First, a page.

The low light AF mode enables you to use the autofocus in even conditions as dark as EV-4, which is approximately equivalent to outdoors on a moonlit night with no other light sources—a situation where it can be hard to achieve focus manually. When shooting portraits, Eye Detection AF helps you ensure that the eyes of your subject are tack sharp. Even when there is more than one person in the frame, all eyes are detected, allowing you to quickly choose where you want to focus on.
The fast image processing speed of the EXPEED 6 engine enables the Z 50 to achieve continuous shooting speeds of up to 11 frames per second (fps) in Continuous H+ mode (JPEG), and up to 9 fps when recording in 14-bit RAW format. This is very close to the maximum 12 fps possible on the Z 6.
Two NIKKOR Z DX lenses were released with the Z 50, both featuring compact bodies that make a perfect pairing with the camera. The NIKKOR Z DX 16-50mm f/3.5-6.3 VR is a versatile standard zoom lens that covers a wide-angle 16mm to a medium telephoto 50mm focal length range (24mm to 75mm at 35mm film equivalent), recommended for daily use. Meanwhile, the NIKKOR Z DX 50-250mm f/4.5-6.3 VR is a telephoto zoom lens that covers a medium to super-telephoto focal length range of 50 to 250mm (75mm to 375mm at 35mm film equivalent), providing extra reach to capture faraway subjects,
Both lenses are equipped with:
The Z 50 also takes the S-Line NIKKOR Z lenses without an adapter, as well as F mount lenses via the Mount Adapter FTZ. Note that using an FX-format lens will result in a 1.5x crop factor, i.e., images will appear to be shot on a focal length that is 1.5x longer.
With most of the strengths of the Z 7 and Z 6 packed into a small, light body that you will find easy carrying around, the Z 50 offers excellent cost-performance. It’s great not just for new camera users, but also for more experienced photographers who want portable sub-camera that has an EVF and allows them to use their existing F mount lenses.
Released alongside the Z 50, the NIKKOR Z DX 16-50mm f/3.5-6.3 VR and NIKKOR Z DX 50-250mm f/4.5-6.3 VR were designed specially for a DX-format camera with the Z mount. Both lenses have built-in Vibration Reduction (VR), and together, cover a 16mm-250mm focal length range (35mm film equivalent (FX-format) focal length range of 24 to 375mm). This is ideal to capture most scenes, be it casual street photography or stunning landscapes. When paired with the Z 50, they promise a compact, portable yet versatile system that you will want to take with you as you explore the world.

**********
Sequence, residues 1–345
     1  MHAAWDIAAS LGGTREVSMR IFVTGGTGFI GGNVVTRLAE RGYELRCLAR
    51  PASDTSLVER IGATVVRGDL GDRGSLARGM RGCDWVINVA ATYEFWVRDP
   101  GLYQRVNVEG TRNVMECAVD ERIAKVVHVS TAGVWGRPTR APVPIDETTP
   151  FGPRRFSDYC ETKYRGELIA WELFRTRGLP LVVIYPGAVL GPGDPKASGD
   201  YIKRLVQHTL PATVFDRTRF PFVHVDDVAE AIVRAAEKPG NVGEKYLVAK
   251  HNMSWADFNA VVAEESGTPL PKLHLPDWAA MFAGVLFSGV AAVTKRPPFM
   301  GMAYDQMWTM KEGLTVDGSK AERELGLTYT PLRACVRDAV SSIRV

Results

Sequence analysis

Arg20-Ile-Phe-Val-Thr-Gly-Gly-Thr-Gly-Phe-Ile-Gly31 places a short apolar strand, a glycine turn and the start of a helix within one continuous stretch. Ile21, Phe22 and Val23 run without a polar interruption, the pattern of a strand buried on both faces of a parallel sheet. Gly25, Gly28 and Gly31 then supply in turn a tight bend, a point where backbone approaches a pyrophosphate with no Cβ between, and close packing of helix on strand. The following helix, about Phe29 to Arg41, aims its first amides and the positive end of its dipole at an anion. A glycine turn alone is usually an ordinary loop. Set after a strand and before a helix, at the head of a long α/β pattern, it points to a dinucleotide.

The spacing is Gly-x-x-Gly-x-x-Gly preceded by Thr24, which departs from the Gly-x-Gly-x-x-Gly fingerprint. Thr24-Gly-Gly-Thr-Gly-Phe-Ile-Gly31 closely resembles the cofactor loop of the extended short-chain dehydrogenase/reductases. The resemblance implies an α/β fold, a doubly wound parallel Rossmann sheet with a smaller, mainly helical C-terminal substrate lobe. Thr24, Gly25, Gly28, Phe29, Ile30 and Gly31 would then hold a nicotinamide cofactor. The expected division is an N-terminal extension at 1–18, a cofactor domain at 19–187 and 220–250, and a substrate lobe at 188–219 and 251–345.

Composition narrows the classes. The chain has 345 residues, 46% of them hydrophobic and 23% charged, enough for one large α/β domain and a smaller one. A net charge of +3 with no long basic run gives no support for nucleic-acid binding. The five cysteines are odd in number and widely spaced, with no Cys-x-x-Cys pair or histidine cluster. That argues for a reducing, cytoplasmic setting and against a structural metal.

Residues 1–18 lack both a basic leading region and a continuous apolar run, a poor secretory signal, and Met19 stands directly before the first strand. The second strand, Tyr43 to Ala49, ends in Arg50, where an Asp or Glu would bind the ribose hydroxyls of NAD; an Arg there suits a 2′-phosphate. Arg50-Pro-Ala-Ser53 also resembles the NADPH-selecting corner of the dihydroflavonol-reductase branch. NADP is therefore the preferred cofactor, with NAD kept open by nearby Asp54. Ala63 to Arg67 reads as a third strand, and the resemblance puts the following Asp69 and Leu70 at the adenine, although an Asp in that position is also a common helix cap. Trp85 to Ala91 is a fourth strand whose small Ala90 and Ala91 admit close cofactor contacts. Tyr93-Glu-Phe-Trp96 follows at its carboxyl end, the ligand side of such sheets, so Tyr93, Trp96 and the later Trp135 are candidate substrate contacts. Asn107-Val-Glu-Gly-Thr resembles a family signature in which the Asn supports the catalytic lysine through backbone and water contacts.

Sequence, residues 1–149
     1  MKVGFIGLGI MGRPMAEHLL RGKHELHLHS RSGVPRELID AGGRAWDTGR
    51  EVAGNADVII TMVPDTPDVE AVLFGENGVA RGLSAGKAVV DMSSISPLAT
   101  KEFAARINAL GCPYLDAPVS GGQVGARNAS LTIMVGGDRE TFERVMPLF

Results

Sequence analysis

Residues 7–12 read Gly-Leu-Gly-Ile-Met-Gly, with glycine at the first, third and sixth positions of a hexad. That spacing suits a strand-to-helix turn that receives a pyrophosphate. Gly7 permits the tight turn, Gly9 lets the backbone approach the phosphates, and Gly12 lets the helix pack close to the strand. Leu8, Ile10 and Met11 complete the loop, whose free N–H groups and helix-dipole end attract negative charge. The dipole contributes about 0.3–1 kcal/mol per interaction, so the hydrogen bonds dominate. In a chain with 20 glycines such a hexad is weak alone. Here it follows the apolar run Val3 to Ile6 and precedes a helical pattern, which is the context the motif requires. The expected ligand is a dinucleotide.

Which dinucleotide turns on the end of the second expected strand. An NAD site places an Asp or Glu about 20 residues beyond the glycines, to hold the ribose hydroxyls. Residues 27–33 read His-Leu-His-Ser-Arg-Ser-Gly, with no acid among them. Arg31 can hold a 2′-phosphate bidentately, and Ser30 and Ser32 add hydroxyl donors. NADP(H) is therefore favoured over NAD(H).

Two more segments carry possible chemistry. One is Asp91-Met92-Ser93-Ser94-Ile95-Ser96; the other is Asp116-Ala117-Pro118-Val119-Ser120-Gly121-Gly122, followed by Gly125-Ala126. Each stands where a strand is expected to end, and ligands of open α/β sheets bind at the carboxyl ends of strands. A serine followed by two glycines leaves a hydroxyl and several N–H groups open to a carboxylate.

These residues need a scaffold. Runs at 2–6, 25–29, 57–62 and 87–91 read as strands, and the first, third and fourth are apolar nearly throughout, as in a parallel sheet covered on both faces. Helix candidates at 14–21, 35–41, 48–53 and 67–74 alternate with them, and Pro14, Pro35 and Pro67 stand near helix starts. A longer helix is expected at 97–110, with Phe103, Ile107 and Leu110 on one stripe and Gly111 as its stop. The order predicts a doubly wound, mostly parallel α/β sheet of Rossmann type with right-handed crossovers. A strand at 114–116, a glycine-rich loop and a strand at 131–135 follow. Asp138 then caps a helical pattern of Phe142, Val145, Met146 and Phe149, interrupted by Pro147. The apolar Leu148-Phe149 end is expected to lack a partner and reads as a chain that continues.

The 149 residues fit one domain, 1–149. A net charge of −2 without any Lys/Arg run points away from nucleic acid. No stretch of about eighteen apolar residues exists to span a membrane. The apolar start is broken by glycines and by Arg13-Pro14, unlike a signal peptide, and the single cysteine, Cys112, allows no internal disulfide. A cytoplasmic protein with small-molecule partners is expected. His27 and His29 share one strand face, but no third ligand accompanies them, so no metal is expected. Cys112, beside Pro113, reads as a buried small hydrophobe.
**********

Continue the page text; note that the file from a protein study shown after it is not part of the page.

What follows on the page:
A retractable standard zoom lens that covers a 35mm film/FX-format equivalent focal length range of 24 to 75mm. Turn the lens barrel to extend it before you shoot. When fully retracted, it is an extremely thin 32mm long, which balances well with the compact body of the Z 50. Its built-in VR mechanism reduces camera shake by up to 4.5 shutter speed stops’ equivalent. It is versatile enough to capture wide natural landscapes, portraits with bokeh, street scenes, and close-ups of flowers and accessories.
A lightweight telephoto zoom lens that covers a focal length range of 75 to 375mm (FX-format equivalent), the NIKKOR Z DX 50-250mm f/4.5-6.3 VR pairs well with the Z 50 to provide excellent mobility even when shooting with long focal lengths. Its built-in VR mechanism reduces camera shake by up to 5 shutter speed stops’ equivalent. It is available as a kit lens for the Z 50, just like the NIKKOR Z DX 16-50mm f/3.5-6.3 VR.
Nikon Z 50/ NIKKOR Z DX 50-250mm f/4.5-6.3 VR/ FL: 250mm (375mm equivalent)/ Aperture-priority auto (f/6.3, 1/80 sec, EV-0.3)/ ISO 100/WB: Daylight
Amongst hues of blues and purples, it may seem a little tricky to get a shot that clearly defines the subject from the background. Yet, using the long end of the NIKKOR Z DX 50-250mm f/4.5-6.3 VR created the shallow focus that turned the flowers in front of the subject into beautiful, creamy purple foreground bokeh. At the same time, the subject remained impeccably sharp. The optical performance of this lens makes it an undeniably excellent investment.
Nikon Z 50/ NIKKOR Z DX 16-50mm f/3.5-6.3 VR/ FL: 20mm (30mm equivalent)/ Aperture-priority auto (f/4.5, 1/2 sec, EV±0)/ ISO 200/ WB: 5,000K
This was taken just before sunrise when it was still quite dark. Using manual focus together with the touch shutter allowed me to capture a sharp shot without camera shake, without the need for a remote shutter release.
Nikon Z / NIKKOR Z DX 50-250mm f/4.5-6.3 VR/ FL: 250mm (375mm equivalent)/ Shutter-priority auto (f/10, 1/500 sec, EV-0.3)/ ISO 2000/ WB: Auto
I was able to shoot at the FX-format equivalent focal length of 375mm, with a total equipment weight of 850g. Everything was easy to manoeuvre and my shots barely had any visible blurring. It was certainly a pleasant experience.
Enthralled by the beauty of the terrace rice fields in Joetsu City, Niigata Prefecture where he resides, Ishida started photographing landscapes even as he balanced his day job as a physician in a general hospital. He believes that the unique qualities of a place and one’s feelings for it are very important for landscape photography.